IMG_0696

Today is the opening day of Montana’s archery hunting season, for deer, elk, moose, and so forth.  Unlike years past, I was out (in the rain) this morning as the sun rose, bow in hand, hoping I could get within 20 yards or closer.  I’ve been practicing since spring, and while I was hoping my effective range would be further, the longbow learning curve has had multiple plateaus, and while I’ve found more joy in the act of shooting a longbow than any firearm, I haven’t been able to like it enough to shoot more than 2-3 days a week.  I’m on the multi-year plan with bowhunting, and the reward of just being out today, under such stringent dictates, was more than reward enough.

I had a good plan, based on deer crossing a half-plowed, half-grass field.  Extra sun along the dirt/grass interface has produced a 6 foot wide band of grass 4 feet tall, more than enough for total cover while crawling.  In the dark I walked out and sat in the grass, 200 yards from the nearest tree.  As the sun began to come up I panned the distance for deer, and after a few minutes noticed a skunk, coming right at me.  And it started to rain.  Under the circumstances, it seemed like a good idea to get up, circle the skunk, and retreat to the biggest nearby ponderosa pines to not get soaked.  Crossing the creek, I spooked a deer, which stood in the semi-darkness at 80 yards, snorting at me.  20 minutes later, just long enough to begin questioning my move, plan B appeared in the form of three deer down the other field, 300 yards away.  The tiny creek edged the field all the way, screening my movement.  10 minutes later, and most of the way down the field, plan A came back into play, when the same (I presume) two deer I’d observed weeks before crossed the field diagonally, passing right by my original sitting place, hit the creek line, and continued towards me, feeding casually.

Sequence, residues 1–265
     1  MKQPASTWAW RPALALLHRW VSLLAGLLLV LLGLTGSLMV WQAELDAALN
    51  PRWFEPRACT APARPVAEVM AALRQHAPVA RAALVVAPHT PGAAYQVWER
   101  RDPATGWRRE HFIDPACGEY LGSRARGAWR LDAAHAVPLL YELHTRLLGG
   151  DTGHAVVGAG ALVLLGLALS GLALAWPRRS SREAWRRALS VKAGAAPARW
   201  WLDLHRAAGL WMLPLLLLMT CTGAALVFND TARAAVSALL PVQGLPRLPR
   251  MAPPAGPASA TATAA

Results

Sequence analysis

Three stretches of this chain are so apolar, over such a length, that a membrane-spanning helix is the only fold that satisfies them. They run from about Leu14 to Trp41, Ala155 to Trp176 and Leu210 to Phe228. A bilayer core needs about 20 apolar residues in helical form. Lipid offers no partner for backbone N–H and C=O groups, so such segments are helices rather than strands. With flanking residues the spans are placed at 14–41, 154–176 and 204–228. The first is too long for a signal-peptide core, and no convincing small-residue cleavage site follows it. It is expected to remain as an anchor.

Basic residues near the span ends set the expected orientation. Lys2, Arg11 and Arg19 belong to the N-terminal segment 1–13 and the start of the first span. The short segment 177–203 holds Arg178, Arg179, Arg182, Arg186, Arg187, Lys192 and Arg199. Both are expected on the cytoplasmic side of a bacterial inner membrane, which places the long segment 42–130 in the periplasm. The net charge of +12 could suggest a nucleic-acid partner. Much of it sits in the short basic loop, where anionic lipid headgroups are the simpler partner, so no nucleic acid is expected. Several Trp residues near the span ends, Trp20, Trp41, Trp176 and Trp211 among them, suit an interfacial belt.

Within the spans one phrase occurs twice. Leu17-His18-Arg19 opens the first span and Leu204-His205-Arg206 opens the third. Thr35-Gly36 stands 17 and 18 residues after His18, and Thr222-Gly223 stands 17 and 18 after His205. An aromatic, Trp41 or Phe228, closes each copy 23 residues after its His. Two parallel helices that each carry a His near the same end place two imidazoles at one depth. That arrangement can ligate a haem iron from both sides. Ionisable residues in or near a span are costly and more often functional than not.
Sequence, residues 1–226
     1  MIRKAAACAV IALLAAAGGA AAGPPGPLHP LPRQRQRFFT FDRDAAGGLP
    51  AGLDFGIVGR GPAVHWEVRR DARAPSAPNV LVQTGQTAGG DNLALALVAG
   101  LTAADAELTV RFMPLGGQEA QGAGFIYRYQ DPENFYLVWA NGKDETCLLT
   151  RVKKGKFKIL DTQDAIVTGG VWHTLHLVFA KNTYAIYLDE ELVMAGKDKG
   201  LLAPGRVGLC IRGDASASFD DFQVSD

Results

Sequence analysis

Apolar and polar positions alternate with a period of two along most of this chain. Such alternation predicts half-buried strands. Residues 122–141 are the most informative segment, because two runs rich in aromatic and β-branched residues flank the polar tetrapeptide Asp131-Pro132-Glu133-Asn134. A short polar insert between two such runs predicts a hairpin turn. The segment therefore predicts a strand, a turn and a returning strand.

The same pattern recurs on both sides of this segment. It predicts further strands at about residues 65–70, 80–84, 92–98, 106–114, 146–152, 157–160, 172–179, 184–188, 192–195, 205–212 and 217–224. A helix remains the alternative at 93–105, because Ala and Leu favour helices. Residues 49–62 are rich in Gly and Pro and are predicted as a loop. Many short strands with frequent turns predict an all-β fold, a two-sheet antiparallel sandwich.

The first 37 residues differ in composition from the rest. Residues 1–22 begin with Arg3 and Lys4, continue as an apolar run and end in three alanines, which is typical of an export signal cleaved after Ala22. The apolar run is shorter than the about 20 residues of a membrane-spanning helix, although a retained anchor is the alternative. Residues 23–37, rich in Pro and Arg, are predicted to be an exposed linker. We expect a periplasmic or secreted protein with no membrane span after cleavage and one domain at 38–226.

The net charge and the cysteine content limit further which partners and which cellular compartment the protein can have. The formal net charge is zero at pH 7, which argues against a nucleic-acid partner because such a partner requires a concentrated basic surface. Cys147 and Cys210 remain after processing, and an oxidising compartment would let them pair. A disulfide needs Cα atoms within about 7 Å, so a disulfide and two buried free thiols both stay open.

With nothing to loose, the three deer on the other side of the creek showed no sign of heading out, I waited as the pair fed my direction.  The wind was horrible, and as I guessed once the deer were dead downwind they sensed something was not quite right, and gradually reversed course.  Now, back to plan B.  The three deer had continued to hold to the edge of the field, and if they continued as before they’d pinch down to the end and meet the creek.  I’d ideally be waiting on just the other side of the 5 foot band of brush, and get a shot.

That did not happen.  I got into position, which involved a drenching 50 yard full belly crawl, only for another hunter to wander through the field at the other end, sending two of the three deer off into the woods.  Inattention before crawling had filled the objective lenses of my binoculars with dew, and it took me minutes to clean them well enough to see with certainty that the third deer was also not in view.  A quick sneak down the other fenceline might well have gained a shot, as the small buck was actually feeding ten feet back from the field, in a big gap between trees, but I didn’t know that until I had backtracked 100 yards, at which point my careless manner had revealed my human presence fully, and I was due home shortly.

In other words, a good first morning of the season.